I was having a theological conversation with a reformed friend of mine a few months ago and, like I will often do, I brought up the phrase found in 1 Jn. 4:7, 16, "God is love." He responded the way many respond to this verse by saying that God isn't just love, but is also holy. He added that we have to realize that "God is complex and that there are multiple levels and aspects of His will and character." Thus, "as a person is not easily boiled down into one all-encompassing emotion or state of mind all the time," so we should not boil the transcendent God down to one all-encompassing characteristic
The problem is that Scripture defines God with the word love. "God is just," is a descriptive statement that uses an adjective. All of God's character is not presented in this statement because 'just' is just one adjective. "God is love," on the other hand, is a descriptive statement that uses a noun. The point here is that God = love. John says this to emphasize that God can be "boiled down" to one all-encompassing characteristic: love. It's not that there are "multiple levels and aspects" of God that are seemingly paradoxical, but that every level and aspect of God can be understood through the lens of love. This concept is difficult for many, like D.A. Carson, the author of The Difficult Doctrine of the Love of God, but if you have a theology in which the love of God is difficult, you need to re-evaluate, because this God is defined by love.
Larry Hart notes that love is not the only noun said to be equal to God. He brings up the statement, "God is light" (1 Jn. 1:5) to say that God is also holy.(1) God's justice and wrath are then thrown under the "God is holy" section. This is a flawed understanding. Hart, my reformed friend, and many others assume that God's holiness somehow balances out his love with all of his qualities that are less loving. I can't remember who I read this argument from, but I remember reading a theology book in which the author said something like this: "Where God's love would disregard man's actions and have mercy on all and save all, God's justice recognizes the need for judgment. And where God's justice would abandon all and send them to hell, God's love comes in with a desire for mercy and an offer of salvation."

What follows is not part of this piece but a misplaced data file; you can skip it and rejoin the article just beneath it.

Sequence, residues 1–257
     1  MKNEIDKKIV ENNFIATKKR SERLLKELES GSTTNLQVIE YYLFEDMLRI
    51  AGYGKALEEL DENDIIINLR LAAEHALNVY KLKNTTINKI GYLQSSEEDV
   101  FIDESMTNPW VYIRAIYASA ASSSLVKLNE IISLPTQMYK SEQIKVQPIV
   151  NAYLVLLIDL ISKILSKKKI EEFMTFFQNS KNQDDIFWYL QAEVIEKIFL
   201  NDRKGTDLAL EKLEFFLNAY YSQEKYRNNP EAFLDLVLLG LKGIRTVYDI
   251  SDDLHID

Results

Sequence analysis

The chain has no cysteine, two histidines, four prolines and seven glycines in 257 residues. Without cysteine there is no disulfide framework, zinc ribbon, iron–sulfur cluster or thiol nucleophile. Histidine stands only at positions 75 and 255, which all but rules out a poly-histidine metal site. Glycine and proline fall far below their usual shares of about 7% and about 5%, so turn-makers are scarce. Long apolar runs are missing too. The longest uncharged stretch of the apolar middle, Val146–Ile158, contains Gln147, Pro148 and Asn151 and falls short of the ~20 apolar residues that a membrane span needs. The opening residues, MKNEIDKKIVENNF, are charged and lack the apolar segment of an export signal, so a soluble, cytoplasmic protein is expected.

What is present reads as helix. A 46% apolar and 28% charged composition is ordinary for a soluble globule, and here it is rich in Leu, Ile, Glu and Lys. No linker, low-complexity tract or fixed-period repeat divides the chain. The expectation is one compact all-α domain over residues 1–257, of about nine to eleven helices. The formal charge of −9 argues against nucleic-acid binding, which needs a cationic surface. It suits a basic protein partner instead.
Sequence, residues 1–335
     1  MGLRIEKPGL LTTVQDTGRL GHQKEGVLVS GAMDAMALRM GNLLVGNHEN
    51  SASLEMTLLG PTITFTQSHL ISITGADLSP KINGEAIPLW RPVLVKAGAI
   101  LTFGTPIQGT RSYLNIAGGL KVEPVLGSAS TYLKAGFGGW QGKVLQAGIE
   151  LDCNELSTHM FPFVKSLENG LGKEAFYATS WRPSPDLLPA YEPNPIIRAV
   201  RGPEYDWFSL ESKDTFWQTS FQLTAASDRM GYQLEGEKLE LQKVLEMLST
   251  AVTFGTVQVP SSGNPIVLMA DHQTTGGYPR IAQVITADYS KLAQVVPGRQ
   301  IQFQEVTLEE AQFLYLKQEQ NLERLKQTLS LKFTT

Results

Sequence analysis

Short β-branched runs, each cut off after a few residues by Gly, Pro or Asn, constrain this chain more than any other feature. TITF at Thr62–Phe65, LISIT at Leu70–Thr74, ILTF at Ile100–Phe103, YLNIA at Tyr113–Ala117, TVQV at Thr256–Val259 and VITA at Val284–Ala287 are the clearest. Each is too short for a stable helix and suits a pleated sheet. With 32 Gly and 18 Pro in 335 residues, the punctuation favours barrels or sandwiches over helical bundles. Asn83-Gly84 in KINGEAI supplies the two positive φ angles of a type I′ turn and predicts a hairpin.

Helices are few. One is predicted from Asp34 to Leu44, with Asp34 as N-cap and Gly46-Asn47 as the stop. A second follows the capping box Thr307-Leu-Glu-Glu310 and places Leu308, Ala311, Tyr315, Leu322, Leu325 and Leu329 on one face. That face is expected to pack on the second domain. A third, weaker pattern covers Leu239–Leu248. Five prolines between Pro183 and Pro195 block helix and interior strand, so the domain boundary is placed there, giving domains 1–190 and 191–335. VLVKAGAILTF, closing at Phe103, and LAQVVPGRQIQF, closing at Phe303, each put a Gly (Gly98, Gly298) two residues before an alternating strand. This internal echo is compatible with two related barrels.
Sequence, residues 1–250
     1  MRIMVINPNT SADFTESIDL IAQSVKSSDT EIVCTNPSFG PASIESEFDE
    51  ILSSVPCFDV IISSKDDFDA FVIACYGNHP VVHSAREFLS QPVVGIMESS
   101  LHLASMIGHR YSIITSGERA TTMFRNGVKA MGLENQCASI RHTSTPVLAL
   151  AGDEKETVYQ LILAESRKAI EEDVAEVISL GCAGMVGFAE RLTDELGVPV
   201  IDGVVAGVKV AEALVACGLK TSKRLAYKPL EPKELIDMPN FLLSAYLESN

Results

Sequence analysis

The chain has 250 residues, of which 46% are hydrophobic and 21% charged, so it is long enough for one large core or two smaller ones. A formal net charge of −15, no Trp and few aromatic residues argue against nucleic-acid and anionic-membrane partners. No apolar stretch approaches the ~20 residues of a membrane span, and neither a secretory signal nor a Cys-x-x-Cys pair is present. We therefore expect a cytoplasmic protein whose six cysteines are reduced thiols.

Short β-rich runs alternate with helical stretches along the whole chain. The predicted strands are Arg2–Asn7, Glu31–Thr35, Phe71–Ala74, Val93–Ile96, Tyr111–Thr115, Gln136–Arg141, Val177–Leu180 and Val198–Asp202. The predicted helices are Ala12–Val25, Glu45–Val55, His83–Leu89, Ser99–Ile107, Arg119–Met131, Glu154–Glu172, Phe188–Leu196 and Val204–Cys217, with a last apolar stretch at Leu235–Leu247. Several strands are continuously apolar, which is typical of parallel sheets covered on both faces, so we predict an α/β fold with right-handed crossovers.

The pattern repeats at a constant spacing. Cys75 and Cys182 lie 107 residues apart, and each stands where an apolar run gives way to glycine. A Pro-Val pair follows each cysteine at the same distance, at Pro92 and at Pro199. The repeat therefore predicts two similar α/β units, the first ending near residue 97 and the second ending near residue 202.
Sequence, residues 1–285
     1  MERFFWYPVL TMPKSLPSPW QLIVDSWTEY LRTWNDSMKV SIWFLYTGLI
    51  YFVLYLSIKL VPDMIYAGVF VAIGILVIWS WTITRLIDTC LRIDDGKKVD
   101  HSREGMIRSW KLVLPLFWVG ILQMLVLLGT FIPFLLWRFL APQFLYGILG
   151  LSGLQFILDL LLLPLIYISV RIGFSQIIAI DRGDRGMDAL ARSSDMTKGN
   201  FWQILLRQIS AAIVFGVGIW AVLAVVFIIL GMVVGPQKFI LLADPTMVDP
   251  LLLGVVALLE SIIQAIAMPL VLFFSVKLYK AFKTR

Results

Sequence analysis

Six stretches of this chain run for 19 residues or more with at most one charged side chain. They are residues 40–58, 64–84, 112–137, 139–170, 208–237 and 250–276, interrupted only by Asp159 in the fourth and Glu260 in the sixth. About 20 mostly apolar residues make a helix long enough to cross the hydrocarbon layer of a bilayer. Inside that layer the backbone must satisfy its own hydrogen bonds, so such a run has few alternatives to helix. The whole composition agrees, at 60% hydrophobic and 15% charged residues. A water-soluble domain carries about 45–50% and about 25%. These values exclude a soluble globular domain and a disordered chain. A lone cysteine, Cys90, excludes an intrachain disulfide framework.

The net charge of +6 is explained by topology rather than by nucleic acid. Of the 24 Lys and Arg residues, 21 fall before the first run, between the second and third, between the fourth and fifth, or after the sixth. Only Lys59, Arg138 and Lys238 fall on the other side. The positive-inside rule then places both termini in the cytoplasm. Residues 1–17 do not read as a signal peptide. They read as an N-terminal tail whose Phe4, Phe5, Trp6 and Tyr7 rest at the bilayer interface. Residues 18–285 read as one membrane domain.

Similarly, when I posted my blog about universal reconciliation (here), including my argument that God is love and love never fails, a friend of mine said, "Yes, God is love, but he is also just"--as if, the 'love' part of God purposes to save everyone, but the 'just' part of God balances him out. This creates a conflict within God's nature that can be avoided if we join John in his scandalous claim that God actually is love! That means his holiness and justice are defined by his love. His wrath is defined by his love. His will is defined by his love. His complexity is defined by his love. His followers should be defined by his love (Jn. 12:35). All of his characteristics are in harmony with and defined by his love.
(1) Larry D. Hart, Truth Aflame, rev. ed. (Grand Rapids: Zondervan, 2005), 86.